Oldsmobile Custom Cruiser

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For the Oldsmobile Custom Cruiser 90, 96 & 98 models of 1941–1947, see Oldsmobile 98.
Oldsmobile Custom Cruiser
Oldsmobile Custom Cruiser
Manufacturer General Motors
Production 1971–1992
Predecessor Oldsmobile 88 Fiesta
Class Full-size
Body style 4-door station wagon
Layout FR layout

The Oldsmobile Custom Cruiser is large rear-wheel drive station wagon which was produced by Oldsmobile from 1971 to 1992. The Custom Cruiser used the same platform as the Buick, Chevrolet and Pontiac full-size wagons. It was the first full-size Oldsmobile station wagon since 1964.

Oldsmobile had previously used the Custom Cruiser name on the Custom Cruiser 90, 96 & 98 models of 1940–1947.


First generation (1971–1976)

First generation
1973 Oldsmobile Custom Cruiser
Model years 1971–1976
Assembly Dearborn, Michigan, USA
Platform C-body
Engine 400 cu in (6.6 L) Pontiac V8
455 cu in (7.5 L) Rocket V8
Transmission 3-speed TH-400, automatic
Wheelbase 127.0 in (3,226 mm)
Length 1971: 225.3 in (5,723 mm)
1972: 227.0 in (5,766 mm)
1973: 228.3 in (5,799 mm)
1974–75: 231.2 in (5,872 mm)
1976: 231.0 in (5,867 mm)
Width 1971–75: 79.5 in (2,019 mm)
1976: 80.0 in (2,032 mm)
Height 1971–75: 57.2 in (1,453 mm)
1976: 57.1 in (1,450 mm)
Curb weight 5,100–5,400 lb (2,300–2,400 kg)
Related Buick Electra
Buick Estate
Oldsmobile 98
Pontiac Grand Safari
Chevrolet Caprice Estate
Designer Bill Mitchell

The first generation Custom Cruiser first appeared in 1971 based on the C platform. With a wheelbase of 127.0 in (3,226 mm) these were the first Oldsmobile station wagons ever to be built on Oldsmobile's largest chassis. The 1971-76 GM full-size bodies, at 64.3" front shoulder room and 63.4" rear shoulder room set a record for interior width that would not be matched by any car until the full-size GM rear-wheel drive models of the early to mid 1990s. The station wagon could seat up to 8 forward-facing people. The Custom Cruiser shared Oldsmobile 98's interior and exterior styling, in particular the 98's distinctive front fascia and rear quarter panels complete with fender skirts. The Custom Cruiser wagons, as did other GM full-sized wagons during these years, used a unique rear suspension with multi-leaf springs instead of the coil springs used on other full-sized Oldsmobiles, and other full-sized GM cars. The Custom Cruiser wagons also featured a new 'Clamshell' tailgate design where the rear power-operated glass slid up into the roof as the tailgate (manually or with power assist), slid into a recess under the cargo floor. The power tailgate, the first in station wagon history, ultimately supplanted the manual tailgate, which required marked effort to lift from storage. It was operated by switches on the instrument panel or a key switch on the rear quarter panel. The Clamshell system, heavy and complex, made it easier to load and unload the extremely long wagons in tight spaces. But it remained un-adopted by any other manufacturer, and would be eliminated when GM reduced the length of their wagons by about a foot in 1977, and the overriding concern became increased fuel economy.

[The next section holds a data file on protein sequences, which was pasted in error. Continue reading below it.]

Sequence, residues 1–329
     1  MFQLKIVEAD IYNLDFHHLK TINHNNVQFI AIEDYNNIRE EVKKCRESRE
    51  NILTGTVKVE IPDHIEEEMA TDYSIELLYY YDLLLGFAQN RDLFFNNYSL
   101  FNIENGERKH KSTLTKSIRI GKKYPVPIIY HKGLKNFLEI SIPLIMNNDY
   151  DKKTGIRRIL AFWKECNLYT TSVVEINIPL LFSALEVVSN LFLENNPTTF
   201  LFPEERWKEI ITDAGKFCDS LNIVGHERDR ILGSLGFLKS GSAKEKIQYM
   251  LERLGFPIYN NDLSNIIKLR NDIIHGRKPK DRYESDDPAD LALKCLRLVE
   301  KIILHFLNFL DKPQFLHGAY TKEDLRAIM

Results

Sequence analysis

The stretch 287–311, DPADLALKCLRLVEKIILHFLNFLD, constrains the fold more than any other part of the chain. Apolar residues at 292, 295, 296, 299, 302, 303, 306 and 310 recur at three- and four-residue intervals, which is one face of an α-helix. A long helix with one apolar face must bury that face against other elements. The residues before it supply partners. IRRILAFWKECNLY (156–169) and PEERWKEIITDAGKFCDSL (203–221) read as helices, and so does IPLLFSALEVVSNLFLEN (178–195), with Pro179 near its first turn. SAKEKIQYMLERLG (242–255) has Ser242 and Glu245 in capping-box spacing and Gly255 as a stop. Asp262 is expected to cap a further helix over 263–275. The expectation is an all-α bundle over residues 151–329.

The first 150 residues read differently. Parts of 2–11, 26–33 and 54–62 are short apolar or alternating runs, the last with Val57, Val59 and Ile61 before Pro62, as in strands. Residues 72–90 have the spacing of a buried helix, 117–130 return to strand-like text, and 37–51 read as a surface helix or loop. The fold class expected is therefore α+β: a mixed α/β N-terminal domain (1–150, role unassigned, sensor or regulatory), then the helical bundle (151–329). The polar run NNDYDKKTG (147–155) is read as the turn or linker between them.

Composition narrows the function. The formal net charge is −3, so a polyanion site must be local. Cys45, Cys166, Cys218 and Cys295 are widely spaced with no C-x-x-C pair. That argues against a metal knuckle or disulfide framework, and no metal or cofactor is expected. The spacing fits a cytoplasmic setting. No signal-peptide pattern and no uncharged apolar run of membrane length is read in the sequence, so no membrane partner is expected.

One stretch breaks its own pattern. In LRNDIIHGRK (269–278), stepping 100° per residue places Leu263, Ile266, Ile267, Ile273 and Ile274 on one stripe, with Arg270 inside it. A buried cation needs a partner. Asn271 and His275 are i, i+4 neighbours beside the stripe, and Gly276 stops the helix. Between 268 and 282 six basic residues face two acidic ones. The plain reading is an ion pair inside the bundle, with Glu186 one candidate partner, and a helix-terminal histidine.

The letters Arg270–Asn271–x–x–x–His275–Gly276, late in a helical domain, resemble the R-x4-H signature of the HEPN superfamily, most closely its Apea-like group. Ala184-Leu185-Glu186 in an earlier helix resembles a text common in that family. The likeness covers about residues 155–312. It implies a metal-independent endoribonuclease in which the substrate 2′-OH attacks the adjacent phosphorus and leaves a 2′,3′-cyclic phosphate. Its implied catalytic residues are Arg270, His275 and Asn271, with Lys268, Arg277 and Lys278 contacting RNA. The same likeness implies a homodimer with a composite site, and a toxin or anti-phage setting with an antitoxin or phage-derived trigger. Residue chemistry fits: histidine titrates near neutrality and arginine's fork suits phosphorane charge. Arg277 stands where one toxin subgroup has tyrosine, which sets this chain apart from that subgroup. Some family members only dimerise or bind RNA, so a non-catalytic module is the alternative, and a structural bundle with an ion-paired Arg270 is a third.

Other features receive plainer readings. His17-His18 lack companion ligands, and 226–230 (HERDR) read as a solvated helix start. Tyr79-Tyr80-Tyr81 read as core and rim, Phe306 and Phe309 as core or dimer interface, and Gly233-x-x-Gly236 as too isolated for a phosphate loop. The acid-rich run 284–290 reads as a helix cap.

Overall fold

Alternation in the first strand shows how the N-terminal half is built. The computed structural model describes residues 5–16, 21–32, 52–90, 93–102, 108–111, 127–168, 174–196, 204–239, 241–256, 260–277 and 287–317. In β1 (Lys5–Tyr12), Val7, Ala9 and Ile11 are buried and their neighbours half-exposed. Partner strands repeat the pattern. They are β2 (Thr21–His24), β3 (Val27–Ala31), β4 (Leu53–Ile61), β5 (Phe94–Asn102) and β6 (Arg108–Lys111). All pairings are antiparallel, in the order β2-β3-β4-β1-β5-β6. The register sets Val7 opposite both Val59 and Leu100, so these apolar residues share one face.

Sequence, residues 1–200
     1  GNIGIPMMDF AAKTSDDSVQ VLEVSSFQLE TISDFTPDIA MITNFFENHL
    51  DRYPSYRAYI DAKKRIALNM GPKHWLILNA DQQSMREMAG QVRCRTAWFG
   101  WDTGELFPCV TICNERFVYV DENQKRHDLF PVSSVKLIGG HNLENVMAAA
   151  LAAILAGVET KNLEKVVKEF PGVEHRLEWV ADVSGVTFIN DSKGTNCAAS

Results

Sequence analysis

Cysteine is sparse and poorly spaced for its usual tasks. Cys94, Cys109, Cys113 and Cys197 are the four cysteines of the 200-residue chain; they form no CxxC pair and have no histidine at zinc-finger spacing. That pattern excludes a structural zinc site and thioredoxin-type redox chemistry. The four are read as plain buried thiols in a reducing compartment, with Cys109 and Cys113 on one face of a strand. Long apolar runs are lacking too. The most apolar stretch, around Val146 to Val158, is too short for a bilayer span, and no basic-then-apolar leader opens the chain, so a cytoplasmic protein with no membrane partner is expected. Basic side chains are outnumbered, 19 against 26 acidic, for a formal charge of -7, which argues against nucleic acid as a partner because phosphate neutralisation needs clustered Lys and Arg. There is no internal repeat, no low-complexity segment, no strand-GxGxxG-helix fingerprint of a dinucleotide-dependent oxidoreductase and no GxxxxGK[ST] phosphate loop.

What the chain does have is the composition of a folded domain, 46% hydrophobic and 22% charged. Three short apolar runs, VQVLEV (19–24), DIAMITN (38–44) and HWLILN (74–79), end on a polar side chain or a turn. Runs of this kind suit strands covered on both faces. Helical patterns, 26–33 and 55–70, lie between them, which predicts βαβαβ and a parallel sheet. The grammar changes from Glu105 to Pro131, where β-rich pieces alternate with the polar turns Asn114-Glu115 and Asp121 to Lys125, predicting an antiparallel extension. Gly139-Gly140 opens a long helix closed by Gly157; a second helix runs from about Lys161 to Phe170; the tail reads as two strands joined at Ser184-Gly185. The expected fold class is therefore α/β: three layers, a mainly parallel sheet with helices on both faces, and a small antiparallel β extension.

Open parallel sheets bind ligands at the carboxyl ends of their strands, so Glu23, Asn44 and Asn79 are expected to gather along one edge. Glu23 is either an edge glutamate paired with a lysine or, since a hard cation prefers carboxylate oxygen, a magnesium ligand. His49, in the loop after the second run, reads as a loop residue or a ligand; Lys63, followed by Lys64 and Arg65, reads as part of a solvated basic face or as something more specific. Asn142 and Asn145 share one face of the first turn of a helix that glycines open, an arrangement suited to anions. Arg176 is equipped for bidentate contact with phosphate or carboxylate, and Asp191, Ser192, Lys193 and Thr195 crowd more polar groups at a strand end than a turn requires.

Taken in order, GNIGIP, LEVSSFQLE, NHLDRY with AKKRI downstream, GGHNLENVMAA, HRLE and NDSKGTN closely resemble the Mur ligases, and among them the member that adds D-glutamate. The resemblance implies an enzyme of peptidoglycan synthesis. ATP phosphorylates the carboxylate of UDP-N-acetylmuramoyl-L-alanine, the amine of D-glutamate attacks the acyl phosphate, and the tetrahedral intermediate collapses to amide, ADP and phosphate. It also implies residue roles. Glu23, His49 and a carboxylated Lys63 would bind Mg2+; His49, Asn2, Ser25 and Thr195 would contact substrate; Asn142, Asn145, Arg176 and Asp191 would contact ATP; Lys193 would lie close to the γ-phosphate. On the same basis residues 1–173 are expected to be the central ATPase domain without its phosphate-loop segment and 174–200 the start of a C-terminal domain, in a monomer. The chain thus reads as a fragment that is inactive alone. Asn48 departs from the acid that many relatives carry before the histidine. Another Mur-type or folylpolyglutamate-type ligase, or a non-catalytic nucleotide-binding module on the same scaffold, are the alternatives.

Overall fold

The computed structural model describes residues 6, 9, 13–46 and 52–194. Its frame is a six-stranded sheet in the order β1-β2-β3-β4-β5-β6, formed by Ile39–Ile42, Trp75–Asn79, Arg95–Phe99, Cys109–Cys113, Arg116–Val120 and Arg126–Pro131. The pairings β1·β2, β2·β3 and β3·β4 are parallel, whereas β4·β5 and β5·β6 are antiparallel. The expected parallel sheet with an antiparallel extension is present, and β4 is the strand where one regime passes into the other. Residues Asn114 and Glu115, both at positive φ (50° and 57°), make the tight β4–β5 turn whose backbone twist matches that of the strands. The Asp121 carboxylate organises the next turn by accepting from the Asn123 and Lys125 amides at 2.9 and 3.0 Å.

At 5,161 lb (2,341 kg) shipping weight (5,186 lb (2,352 kg) with woodgrain), or about 5,400 lb (2,400 kg) curb weight, the three-seat 1974 Custom Cruiser wagons are easily the heaviest Oldsmobiles ever built.

Oldsmobile's 455 in³ (7.4 L) V8 engine was standard, although Pontiac's 400 cu in (6.6 L) V8 was also offered in 1975.

Second generation (1977–1990)

Second generation
Oldsmobile Custom Cruiser
Model years 1977–1990
Platform B-body
Engine 307 in³ V8
350 in³ V8
350 in³ diesel V8
403 in³ V8
Transmission 3-speed Turbo-Hydramatic automatic
4-speed Turbo-Hydramatic automatic
Wheelbase 115.9 in (2,944 mm)
Length 220.3 in (5,596 mm)
Width 79.8 in (2,027 mm)
Height 58.5 in (1,486 mm)
Related Buick Electra Estate
Buick Lesabre
Oldsmobile Eighty-Eight
Pontiac Safari
Chevrolet Caprice